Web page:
• Calibration  2002 – 2009

  • Confirmation  1995 – 2001

Hydrology calibration
Hydrology Calibration

  • Calibration resulted in a “good” to “very good” prediction of runoff

  • Runoff slightly over-predicted at Cuba and slightly under-predicted at Findlay

  • Annual performance better than monthly or daily

Hydrology calibration continued
Hydrology Calibration (continued)

  • Runoff under-predicted late winter/early spring and over-predicted summer/early fall time periods

Water quality calibration sediment
Water Quality Calibration (Sediment)

  • Annual performance “very good”

  • Monthly and daily performance less robust ranging from “fair to good”

  • Ephemeral gully erosion was 85% of the total landscape erosion

Water quality calibration total phosphorus and total nitrogen
Water Quality Calibration (Total Phosphorus and Total Nitrogen)

  • “Poor” to “fair” performance

  • Sensitive to initial soil concentrations

  • Limitations in model capabilities for nutrient cycling

  • Fertilizer application timing in model may not reflect “on the ground” practices

Total P

Total N

Annagnps model application
AnnAGNPS Model Application

  • Goal: Test the impact of land management alternatives on watershed loadings

  • Process:

    • Coordinate with stakeholders to develop a set of reasonable BMPs/land management alternativesNRCS, Blanchard River Watershed Partnership, Environmental Defense Fund, Putnam Soil and Water Conservation District, Ohio DNR,Northwest Ohio Flood Mitigation Partnership

    • Translate BMPs into model, direct or indirect representations

    • Run scenarios and interpret results

Selected management alternatives
Selected Management Alternatives

  • Tile Drain Management

  • Conservation Tillage

  • Cover Crops

  • Cropland Conversion to Grassland

    • random cropland (~10%) to grassland

    • targeted cropland (~10%) to grassland

  • Improved Nutrient Management

  • All Natural Watershed

  • Combined Management

    • conservation tillage + cropland to grassland + nutrient management

Example bmp scenario
Example BMP Scenario

Convert dominant highly erodible cells to improved rotation and tillage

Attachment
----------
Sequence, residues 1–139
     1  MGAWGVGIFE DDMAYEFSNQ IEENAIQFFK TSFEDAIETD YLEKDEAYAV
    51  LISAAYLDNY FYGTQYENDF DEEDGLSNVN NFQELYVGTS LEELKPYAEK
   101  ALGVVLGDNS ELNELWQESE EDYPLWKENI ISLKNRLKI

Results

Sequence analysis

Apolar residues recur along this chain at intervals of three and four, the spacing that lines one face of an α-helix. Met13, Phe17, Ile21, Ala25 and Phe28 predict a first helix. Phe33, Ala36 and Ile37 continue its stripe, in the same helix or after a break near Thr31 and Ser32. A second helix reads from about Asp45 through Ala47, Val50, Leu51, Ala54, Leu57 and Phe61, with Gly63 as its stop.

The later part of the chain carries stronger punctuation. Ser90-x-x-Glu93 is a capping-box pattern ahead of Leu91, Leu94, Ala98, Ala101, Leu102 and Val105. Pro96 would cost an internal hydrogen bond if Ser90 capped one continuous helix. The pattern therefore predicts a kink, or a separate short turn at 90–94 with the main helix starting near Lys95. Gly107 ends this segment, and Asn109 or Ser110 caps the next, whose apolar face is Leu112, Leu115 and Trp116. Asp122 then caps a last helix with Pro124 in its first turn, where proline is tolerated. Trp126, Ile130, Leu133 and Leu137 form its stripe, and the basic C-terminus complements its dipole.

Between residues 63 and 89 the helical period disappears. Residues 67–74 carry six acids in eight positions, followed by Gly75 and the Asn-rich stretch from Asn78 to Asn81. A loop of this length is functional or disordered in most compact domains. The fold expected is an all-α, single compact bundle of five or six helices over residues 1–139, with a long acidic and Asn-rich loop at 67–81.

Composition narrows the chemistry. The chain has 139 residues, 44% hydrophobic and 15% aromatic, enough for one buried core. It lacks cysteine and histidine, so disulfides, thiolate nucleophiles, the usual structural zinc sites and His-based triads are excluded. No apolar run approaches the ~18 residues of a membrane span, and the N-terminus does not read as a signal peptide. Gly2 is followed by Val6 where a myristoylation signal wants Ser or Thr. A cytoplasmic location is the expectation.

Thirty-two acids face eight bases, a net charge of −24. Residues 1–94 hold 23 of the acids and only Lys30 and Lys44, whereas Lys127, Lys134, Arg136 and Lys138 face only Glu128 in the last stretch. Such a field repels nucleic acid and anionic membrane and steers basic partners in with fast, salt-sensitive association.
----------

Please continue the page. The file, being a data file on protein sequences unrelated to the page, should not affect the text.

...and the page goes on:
Rotating Corn and Beans with Conservation Tillage


Continuous Corn with Traditional Till


Moldboard plow

Mulch till

  • Converted 7,683 acres

  • 2.5 % of total crop area

  • 56 watershed cells

continuous corn with traditional till

corn/bean rotation with conservation till

Sediment alternative scenario results
Sediment Alternative Scenario Results

Base versus Combined Management

  • Random cropland conversion = -2%

  • Targeted cropland conversion = -54%

  • Combined management = -60%

Sediment maps
Sediment Maps

Base Case

Combined Management Scenario

Example: Sediment load reduction in Lye Creek Watershed due to

improved land management practices

Phosphorus alternative scenario results
Phosphorus Alternative Scenario Results

Base versus Combined Management

  • Cover crops across all conventional tilled land = -25%

  • Reduce fertilizer by 60% = -21%

  • Combined management = -24%

Nitrogen alternative scenario results
Nitrogen Alternative Scenario Results

Base versus Combined Management

  • Conservation tillage = -24%

  • Cover crops across all conventional tilled land = -39%

  • Combined management = -75%

Project summary
Project Summary

  • Fine-scale model adequately simulates runoff and suspended sediment on annual basis

  • Less confidence in simulation of TN and TP loading

  • Potential land management alternatives explored to estimate possible benefits

  • Targeting placement of BMPs to highly erodible areas likely to result in higher reductions of loads

  • Final report available from GLC (October 19, 2010)

Recommendations for future work
Recommendations for Future Work

  • Examine additional management scenarios:

    • Seasonal variations of tile drains and nutrient application

    • Conversion to conservation tillage, cover crops, or grassland

  • Investigate and potentially refine nutrient algorithms

  • Investigate / ground-truth ephemeral gully erosion algorithms

  • Use model to support watershed action plan development

  • Apply fine-scale models to other Maumee Basin watersheds (e.g., Tiffin)

  • Coordinate with modeling to characterize sediment and nutrient transport in the lower Maumee River / Toledo Harbor